The World Intellectual Property Organization (WIPO) leads the development of a balanced and effective international intellectual property system that enables innovation and creativity for the benefit of all. Intellectual property can play a key role in the economic, social and cultural empowerment of Indigenous Peoples. The WIPO Intergovernmental Committee on Intellectual Property and Genetic Resources, Traditional Knowledge and Folklore (IGC) is currently working to reach agreement on an international legal instrument or instruments which will ensure the effective protection of TK and TCEs, and regulation of the interface between intellectual property and genetic resources. Indigenous Peoples and local communities are important actors in achieving a universal intellectual property system which further recognizes all forms of innovation and creativity and safeguards the unique status and identity of Indigenous Peoples.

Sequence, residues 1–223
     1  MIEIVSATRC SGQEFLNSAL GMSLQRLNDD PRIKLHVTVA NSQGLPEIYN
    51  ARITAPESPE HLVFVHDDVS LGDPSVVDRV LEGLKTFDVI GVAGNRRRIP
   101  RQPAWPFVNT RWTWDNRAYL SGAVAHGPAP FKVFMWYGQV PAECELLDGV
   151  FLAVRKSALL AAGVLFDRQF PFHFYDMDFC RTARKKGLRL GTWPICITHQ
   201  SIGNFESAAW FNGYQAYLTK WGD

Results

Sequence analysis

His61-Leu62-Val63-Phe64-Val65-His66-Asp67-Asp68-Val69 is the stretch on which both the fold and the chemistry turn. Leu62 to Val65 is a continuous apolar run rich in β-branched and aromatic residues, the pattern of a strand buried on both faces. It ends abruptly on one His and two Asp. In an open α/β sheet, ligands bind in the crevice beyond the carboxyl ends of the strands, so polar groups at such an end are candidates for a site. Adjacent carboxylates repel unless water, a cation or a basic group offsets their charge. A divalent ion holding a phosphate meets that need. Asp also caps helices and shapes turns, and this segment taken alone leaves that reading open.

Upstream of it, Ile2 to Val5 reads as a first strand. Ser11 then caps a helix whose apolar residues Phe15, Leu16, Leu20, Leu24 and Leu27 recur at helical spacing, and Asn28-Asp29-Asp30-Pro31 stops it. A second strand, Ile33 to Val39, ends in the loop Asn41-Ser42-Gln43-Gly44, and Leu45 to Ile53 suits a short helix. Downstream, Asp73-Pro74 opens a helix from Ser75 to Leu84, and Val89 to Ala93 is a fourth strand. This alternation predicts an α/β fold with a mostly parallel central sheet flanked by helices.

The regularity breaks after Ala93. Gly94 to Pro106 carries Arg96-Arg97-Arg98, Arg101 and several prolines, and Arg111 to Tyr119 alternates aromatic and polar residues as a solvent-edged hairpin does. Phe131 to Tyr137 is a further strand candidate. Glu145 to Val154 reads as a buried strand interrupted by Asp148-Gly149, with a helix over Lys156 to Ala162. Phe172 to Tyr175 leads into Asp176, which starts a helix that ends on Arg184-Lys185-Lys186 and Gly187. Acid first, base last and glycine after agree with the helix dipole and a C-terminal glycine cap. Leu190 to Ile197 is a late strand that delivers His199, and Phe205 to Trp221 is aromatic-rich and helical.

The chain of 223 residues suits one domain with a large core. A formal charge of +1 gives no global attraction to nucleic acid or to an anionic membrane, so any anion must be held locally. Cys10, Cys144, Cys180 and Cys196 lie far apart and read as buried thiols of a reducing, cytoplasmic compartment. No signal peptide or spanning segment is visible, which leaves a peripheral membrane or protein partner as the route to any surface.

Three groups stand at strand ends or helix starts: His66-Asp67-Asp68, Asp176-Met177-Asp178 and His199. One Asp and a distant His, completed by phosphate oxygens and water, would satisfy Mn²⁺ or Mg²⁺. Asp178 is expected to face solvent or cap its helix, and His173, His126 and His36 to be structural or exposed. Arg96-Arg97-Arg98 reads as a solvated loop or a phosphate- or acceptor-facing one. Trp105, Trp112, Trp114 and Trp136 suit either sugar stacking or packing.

This year’s theme for the International Day of the World’s Indigenous Peoples: “Bridging the gap: implementing the rights of indigenous peoples”, viewed in an intellectual property context, makes a direct reference to the United Nations Declaration on the Rights of Indigenous Peoples, particularly Article 31, which refers to the “right of indigenous peoples to maintain, control, protect and develop their intellectual property over such cultural heritage, traditional knowledge and traditional cultural expression”. Article 31 contributes to providing guidance to WIPO’s work on the protection of TK and TCEs.